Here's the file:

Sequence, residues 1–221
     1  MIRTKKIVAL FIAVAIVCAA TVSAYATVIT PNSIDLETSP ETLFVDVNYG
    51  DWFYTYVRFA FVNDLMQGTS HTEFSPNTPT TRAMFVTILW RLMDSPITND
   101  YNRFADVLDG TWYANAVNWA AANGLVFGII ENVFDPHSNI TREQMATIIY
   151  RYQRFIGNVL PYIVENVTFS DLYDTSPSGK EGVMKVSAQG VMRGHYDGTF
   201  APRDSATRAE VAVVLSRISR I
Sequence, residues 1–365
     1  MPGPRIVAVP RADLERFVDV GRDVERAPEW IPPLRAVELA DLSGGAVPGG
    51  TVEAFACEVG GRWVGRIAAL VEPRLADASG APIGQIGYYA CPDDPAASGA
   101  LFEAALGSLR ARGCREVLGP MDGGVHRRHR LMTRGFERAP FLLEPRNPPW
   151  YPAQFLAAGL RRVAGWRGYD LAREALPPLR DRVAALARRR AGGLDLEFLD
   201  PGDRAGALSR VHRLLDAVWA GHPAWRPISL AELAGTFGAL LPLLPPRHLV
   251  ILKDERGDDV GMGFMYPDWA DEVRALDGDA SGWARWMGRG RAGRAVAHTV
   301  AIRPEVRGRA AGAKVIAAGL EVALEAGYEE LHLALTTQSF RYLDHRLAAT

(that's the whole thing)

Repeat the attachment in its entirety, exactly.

Sequence, residues 1–221
     1  MIRTKKIVAL FIAVAIVCAA TVSAYATVIT PNSIDLETSP ETLFVDVNYG
    51  DWFYTYVRFA FVNDLMQGTS HTEFSPNTPT TRAMFVTILW RLMDSPITND
   101  YNRFADVLDG TWYANAVNWA AANGLVFGII ENVFDPHSNI TREQMATIIY
   151  RYQRFIGNVL PYIVENVTFS DLYDTSPSGK EGVMKVSAQG VMRGHYDGTF
   201  APRDSATRAE VAVVLSRISR I
Sequence, residues 1–365
     1  MPGPRIVAVP RADLERFVDV GRDVERAPEW IPPLRAVELA DLSGGAVPGG
    51  TVEAFACEVG GRWVGRIAAL VEPRLADASG APIGQIGYYA CPDDPAASGA
   101  LFEAALGSLR ARGCREVLGP MDGGVHRRHR LMTRGFERAP FLLEPRNPPW
   151  YPAQFLAAGL RRVAGWRGYD LAREALPPLR DRVAALARRR AGGLDLEFLD
   201  PGDRAGALSR VHRLLDAVWA GHPAWRPISL AELAGTFGAL LPLLPPRHLV
   251  ILKDERGDDV GMGFMYPDWA DEVRALDGDA SGWARWMGRG RAGRAVAHTV
   301  AIRPEVRGRA AGAKVIAAGL EVALEAGYEE LHLALTTQSF RYLDHRLAAT